If you use a couple of manual zooms, you can quickly fill the 9 spots. If you use a 28-85mm AI-s and an 80-200mm f/4 AI-s, those two lenses just stole 8 of the 9 spots! You'd need to program 28mm f/3.5, 35mm f/3.5, 50mm f/4 and 85mm f/4.5 for the 28-85mm, and then 80mm f/4, 105mm f/4, 135mm f/4 and 200mm f/4 for the second zoom. That leaves only one spot for an 8mm circular fisheye, an ultrawide or a long tele. I'm often having to revert to the menus, unlike the D200 which lets me set these directly.
This doesn't matter for any autofocus lens, since the D3 reads all the info directly. It only matters to people like me who also use Nikon's exquisite manual focus lenses. Thank God we shoot Nikon; Canon sh*t-canned manual focus FD lens compatibility back in 1985!
With Nikon and manual focus lenses, even ones from the 1950s that have been AI converted, we get matrix metering and full finder readout and EXIF data.
5.) There is no spring inside the CF card door to ensure the CF cards are fully seated when I close the door. I forgot once, and the D3 was alternately writing to the other CF card! It confused the dickens out of me until I figured out where the photos I was taking were going, since when the card wiggled out I only could see the half that made it to the second card.
This shows how great it is to have two CF cards loaded: any problem, and the D3 just goes on shooting.
6.) Custom function e3, modeling flash, is still set ON by default. This can cause blindness since it fires off a long, unexpected burst of flash when you hit the depth-of-field button. The first thing I did on my D3 after I cranked the saturation all the way up was to set e3 to OFF.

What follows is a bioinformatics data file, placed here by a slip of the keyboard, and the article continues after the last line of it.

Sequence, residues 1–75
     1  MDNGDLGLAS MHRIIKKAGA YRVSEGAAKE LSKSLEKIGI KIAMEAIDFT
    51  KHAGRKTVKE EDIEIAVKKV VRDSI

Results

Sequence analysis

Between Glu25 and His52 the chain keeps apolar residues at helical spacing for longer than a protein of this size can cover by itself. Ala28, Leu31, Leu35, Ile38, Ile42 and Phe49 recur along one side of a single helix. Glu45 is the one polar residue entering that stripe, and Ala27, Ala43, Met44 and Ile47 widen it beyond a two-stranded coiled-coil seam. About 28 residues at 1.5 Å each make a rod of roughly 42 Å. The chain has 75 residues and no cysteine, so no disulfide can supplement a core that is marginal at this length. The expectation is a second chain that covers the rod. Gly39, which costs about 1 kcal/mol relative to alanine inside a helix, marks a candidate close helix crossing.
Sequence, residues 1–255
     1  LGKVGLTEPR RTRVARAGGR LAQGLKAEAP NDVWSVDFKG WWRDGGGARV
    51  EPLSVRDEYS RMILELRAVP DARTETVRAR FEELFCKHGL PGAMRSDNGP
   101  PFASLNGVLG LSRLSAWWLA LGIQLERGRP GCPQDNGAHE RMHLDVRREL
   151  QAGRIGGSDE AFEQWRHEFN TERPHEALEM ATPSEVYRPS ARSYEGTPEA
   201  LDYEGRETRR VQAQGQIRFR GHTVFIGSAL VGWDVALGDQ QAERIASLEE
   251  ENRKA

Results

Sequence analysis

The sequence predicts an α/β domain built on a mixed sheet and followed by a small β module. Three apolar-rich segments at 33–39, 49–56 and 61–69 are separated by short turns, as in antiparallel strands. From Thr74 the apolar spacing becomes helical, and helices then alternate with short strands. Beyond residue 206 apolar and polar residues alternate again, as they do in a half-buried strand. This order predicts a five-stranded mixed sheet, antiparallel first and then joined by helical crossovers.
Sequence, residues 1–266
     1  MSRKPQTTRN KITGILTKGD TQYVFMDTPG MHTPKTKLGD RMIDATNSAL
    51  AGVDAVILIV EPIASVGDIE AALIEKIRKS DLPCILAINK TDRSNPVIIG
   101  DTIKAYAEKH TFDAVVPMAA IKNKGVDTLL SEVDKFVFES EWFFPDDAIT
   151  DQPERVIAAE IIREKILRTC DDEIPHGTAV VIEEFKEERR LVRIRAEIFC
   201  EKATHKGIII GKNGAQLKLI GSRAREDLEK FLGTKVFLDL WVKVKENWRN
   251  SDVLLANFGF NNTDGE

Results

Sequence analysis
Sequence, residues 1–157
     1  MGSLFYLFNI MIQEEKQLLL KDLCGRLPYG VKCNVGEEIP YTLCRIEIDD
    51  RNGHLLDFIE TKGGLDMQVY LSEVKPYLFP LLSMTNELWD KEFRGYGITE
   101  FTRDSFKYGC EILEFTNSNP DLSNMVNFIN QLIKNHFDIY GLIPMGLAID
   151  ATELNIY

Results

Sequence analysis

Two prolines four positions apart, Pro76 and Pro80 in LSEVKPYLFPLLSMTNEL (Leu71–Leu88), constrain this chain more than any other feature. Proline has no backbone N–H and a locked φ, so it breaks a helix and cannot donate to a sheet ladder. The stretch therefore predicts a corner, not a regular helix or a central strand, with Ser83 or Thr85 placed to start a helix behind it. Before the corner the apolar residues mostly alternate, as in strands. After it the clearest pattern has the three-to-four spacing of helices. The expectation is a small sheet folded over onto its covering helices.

Everything has design flaws, don't worry. The fact that no one has found any real flaws with the D3 says a lot.
D3 Suggested Improvements top
(1 - 5 fix issues above.)
1.) Add "Cancel Auto ISO in Manual Exposure Mode?" menu option. (invention disclosure February 2008 or before.)
2.) Fix the broken Fn button so it can work as well as it did in the D200.
3.) Make manual lens data as easy to enter as in the D200. Make manual lens data appear in finder, with focal length displaying in the shutter speed digits and the f/stop in the f/stop display, when being changed via the Fn button.
4.) Add a card-seating spring in CF card door.
5.) Set CFN E3 OFF by default so no one goes blind.